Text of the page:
Along one segment of the line, however, the city offered no subsidies. Here, there was almost no new development. Developers were following the subsidies, not the streetcar line. After the streetcar line opened, Portland officials gave tours to planners and elected officials from other cities around the country, bragging that the streetcar stimulated all the new development — and never mentioning the subsidies or the neighborhood that got no new development.
Instead of generating economic development, streetcars merely give cities an excuse to subsidize development after they've subsidized the streetcar. No subsidies, no development. The real goal of streetcar projects is to get money out of the federal government: The Obama administration has offered up to $75 million to cities that agree to build one. But local taxpayers must put up matching funds for construction and then cover the operating and maintenance costs for years.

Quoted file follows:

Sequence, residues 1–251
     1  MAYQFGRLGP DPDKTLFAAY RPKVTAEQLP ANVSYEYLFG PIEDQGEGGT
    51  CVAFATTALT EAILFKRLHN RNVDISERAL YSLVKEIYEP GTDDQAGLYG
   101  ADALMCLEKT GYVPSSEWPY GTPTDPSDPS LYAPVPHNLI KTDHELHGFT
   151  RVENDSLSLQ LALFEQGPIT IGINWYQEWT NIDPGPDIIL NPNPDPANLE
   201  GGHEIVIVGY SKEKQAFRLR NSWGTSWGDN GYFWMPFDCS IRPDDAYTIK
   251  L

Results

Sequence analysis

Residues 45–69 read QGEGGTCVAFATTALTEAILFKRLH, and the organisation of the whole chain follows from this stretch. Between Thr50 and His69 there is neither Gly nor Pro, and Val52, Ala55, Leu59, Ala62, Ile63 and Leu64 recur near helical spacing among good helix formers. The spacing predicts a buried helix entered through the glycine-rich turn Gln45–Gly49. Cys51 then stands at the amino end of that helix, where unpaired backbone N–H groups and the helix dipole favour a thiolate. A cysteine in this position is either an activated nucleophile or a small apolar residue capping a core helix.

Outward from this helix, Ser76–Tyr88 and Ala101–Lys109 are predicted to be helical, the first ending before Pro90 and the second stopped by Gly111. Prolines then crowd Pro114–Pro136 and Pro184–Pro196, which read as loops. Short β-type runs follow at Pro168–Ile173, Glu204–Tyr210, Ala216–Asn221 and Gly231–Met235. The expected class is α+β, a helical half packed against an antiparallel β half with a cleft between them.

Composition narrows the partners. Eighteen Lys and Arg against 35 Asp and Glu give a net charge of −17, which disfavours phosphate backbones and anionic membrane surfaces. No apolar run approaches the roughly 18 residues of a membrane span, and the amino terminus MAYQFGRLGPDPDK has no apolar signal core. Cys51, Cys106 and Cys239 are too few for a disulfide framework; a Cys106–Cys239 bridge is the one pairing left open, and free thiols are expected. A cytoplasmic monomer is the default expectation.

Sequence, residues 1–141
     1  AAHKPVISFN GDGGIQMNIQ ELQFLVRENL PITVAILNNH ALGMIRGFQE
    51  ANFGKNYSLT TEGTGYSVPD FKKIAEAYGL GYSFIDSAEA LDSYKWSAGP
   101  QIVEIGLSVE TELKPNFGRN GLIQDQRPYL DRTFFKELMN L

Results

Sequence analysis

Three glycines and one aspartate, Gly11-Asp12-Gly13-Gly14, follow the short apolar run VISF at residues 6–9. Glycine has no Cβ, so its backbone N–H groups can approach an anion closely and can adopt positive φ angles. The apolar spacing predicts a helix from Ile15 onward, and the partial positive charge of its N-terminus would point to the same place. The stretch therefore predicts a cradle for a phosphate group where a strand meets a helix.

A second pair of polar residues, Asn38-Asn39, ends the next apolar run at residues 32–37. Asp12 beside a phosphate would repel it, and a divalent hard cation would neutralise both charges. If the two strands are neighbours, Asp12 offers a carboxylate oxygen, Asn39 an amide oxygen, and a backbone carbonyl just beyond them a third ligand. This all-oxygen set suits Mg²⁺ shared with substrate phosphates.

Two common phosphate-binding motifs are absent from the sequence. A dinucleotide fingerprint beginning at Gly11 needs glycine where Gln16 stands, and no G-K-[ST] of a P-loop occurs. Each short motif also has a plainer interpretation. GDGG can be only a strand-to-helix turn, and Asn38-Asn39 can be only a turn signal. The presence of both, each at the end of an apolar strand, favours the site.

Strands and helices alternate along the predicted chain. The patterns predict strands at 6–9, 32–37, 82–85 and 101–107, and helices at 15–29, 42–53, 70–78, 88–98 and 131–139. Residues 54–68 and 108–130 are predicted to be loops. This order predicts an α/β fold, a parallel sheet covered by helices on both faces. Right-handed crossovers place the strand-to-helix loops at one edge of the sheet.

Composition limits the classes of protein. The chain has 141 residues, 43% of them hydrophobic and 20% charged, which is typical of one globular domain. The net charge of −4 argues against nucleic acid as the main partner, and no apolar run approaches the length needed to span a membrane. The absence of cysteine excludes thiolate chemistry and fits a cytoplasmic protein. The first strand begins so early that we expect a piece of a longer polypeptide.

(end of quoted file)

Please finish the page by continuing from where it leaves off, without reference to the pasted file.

For the good of the city and its taxpayers, Oklahoma City should immediately stop planning for this obsolete form of travel.
O'Toole (firstname.lastname@example.org) is a senior fellow with the Cato Institute and author of “Gridlock: Why We're Stuck in Traffic and What to Do About It.” A streetcar system is under development in Oklahoma City after voters approved the project as part of the MAPS 3 initiative.